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Fear, Anger, Femininity: Sexual Violence in Delhi

Growing up in Delhi can be quite an experience. It’s big, loud, dirty, and noisy. Delhi must be learned. It must be negotiated. I grew up in Delhi. I navigated public transport, walked through dusty streets, drove from one end of the city to another, and all the while learned and lived the rules of being a woman in Delhi’s public spaces.

There are probably more rapes in Delhi than in anywhere else in India. Last year alone, there were 572 rapes reported in Delhi, and 657 cases of molestation (1). And those are just the ones that got reported. If you’re a woman, Delhi is a bad place to be. Delhi women learn to negotiate these dangers with behavioral modifications and uncertain prayers. There are some unwritten rules to being a woman in Delhi. These rules reinforce the blame-the-victim mentality in cases where women are molested or raped. Was she wearing a short skirt? Was she alone? Was it dark? Or, as the evil creatures who gangraped a young woman in a bus this month asked, why was she out in public, after dark, with a man?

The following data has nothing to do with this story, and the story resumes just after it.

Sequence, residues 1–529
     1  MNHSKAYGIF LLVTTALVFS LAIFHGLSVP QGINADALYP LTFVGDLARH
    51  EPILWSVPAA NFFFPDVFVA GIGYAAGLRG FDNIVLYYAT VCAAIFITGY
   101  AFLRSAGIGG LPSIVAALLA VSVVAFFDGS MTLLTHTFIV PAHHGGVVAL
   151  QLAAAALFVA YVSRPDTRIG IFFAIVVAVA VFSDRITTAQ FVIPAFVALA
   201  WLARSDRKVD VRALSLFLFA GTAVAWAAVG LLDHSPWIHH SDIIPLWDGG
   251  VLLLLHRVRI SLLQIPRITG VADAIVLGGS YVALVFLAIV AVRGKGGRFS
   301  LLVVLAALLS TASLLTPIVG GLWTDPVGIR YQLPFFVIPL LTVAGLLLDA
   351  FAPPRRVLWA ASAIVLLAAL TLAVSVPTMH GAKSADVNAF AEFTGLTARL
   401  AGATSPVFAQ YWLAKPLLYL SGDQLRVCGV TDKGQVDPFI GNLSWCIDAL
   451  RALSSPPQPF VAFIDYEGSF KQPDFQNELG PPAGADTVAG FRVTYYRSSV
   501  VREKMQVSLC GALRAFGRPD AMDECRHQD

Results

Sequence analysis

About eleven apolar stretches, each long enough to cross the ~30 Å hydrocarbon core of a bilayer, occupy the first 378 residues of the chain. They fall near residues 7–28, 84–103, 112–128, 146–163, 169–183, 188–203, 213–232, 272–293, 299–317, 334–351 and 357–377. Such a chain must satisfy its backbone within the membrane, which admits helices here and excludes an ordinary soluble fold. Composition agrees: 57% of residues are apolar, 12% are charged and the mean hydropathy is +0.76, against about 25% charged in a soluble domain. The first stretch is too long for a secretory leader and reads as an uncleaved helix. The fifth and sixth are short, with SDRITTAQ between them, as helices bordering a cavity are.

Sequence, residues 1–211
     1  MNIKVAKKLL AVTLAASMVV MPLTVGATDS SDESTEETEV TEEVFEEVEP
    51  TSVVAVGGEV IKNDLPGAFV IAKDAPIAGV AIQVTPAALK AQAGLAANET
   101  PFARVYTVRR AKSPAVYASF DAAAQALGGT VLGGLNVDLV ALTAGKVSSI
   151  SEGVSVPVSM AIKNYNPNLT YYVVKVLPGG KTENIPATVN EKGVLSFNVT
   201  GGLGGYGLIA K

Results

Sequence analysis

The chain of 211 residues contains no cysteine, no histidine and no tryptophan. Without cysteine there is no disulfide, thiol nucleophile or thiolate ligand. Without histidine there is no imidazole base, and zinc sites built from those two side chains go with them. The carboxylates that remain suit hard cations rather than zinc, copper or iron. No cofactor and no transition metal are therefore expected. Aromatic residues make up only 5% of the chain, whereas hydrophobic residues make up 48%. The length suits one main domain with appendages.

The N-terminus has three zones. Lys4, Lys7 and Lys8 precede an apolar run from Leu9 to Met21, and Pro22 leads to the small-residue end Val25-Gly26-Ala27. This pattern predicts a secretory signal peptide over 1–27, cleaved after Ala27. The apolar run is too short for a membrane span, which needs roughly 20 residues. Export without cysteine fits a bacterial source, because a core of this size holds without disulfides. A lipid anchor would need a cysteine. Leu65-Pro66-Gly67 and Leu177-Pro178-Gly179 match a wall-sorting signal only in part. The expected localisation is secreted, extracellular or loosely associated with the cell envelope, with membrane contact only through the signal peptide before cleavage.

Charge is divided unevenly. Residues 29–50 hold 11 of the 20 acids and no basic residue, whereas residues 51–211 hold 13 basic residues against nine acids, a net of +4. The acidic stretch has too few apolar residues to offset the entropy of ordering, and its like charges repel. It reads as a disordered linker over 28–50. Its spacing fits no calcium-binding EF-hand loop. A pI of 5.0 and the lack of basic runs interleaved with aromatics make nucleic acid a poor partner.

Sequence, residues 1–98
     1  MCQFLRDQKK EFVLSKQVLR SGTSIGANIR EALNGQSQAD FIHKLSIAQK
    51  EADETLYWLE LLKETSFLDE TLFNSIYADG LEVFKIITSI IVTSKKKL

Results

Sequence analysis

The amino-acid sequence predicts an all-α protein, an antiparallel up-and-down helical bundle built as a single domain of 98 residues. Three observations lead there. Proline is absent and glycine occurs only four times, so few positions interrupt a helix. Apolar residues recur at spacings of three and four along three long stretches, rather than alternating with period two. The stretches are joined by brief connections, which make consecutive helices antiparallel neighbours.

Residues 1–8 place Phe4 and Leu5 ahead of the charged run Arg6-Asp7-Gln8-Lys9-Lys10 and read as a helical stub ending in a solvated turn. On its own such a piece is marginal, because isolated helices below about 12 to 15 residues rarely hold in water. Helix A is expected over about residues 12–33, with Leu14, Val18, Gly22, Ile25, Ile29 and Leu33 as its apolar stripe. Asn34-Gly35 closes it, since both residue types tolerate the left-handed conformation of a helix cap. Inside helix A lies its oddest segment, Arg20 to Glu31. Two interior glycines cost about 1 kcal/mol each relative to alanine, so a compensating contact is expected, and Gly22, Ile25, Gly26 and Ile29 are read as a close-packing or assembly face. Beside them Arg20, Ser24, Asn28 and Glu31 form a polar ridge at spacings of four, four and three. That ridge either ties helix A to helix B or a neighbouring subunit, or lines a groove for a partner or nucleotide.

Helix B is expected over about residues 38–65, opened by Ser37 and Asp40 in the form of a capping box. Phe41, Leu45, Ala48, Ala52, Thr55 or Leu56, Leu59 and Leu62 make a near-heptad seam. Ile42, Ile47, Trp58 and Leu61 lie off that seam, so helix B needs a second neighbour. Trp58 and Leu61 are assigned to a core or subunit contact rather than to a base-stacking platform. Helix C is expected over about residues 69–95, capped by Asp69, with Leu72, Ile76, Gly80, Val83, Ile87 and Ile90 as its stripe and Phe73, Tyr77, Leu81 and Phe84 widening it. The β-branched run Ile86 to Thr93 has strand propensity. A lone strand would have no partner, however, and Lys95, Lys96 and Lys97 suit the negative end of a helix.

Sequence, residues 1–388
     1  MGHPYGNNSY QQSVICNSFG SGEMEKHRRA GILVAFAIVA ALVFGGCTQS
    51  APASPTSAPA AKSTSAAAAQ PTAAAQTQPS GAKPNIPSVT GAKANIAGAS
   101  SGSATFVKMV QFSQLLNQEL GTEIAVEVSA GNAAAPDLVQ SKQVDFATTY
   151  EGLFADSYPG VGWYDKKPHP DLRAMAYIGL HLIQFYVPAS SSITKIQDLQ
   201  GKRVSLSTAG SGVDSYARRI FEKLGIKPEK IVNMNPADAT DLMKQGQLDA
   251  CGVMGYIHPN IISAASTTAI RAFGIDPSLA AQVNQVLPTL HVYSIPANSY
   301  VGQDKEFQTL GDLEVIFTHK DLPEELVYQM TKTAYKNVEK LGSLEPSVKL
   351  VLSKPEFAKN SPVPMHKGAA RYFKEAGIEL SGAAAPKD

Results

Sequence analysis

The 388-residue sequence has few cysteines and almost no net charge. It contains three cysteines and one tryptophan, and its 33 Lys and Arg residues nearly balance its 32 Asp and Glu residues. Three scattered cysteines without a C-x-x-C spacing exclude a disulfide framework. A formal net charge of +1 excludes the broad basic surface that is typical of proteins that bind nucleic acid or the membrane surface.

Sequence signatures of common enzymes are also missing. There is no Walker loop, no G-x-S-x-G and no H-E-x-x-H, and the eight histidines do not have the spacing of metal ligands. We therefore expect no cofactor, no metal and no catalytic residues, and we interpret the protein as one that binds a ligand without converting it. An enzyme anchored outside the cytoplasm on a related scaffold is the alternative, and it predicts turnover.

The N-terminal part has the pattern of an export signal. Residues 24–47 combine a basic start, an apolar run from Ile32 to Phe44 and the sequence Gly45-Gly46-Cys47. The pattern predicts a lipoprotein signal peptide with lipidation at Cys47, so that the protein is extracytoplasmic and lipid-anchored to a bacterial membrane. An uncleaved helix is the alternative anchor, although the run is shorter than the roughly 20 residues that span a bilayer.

A woman who is sexually violated is often considered to have presented some sort of provocation, but the truth is, being a woman in a public space is provocation enough for some patriarchal Delhi men. They see women as possessions, as objects to be controlled, and, frighteningly, as sport. The staring, the harassment, the groping, the rapes, these experiences that violate and traumatize women are often shared masculine performances of fun.

Growing up in Delhi, I grew up in an atmosphere of sexualized domination and an all-pervasive, quotidian, vague-but-real terror. The fear of walking alone at night. The fear that the men “teasing” me might decide to do more. The fear that nobody would help me, even if they heard my cries. The fear that no one would believe me. The fear of rape, of murder. It’s a pathological fear that is rooted in social discourses of honor and shame. Sexual violence is a powerful weapon of gender oppression because of its association with shame. It isn’t just a sexual violation, it’s a social and psychological one.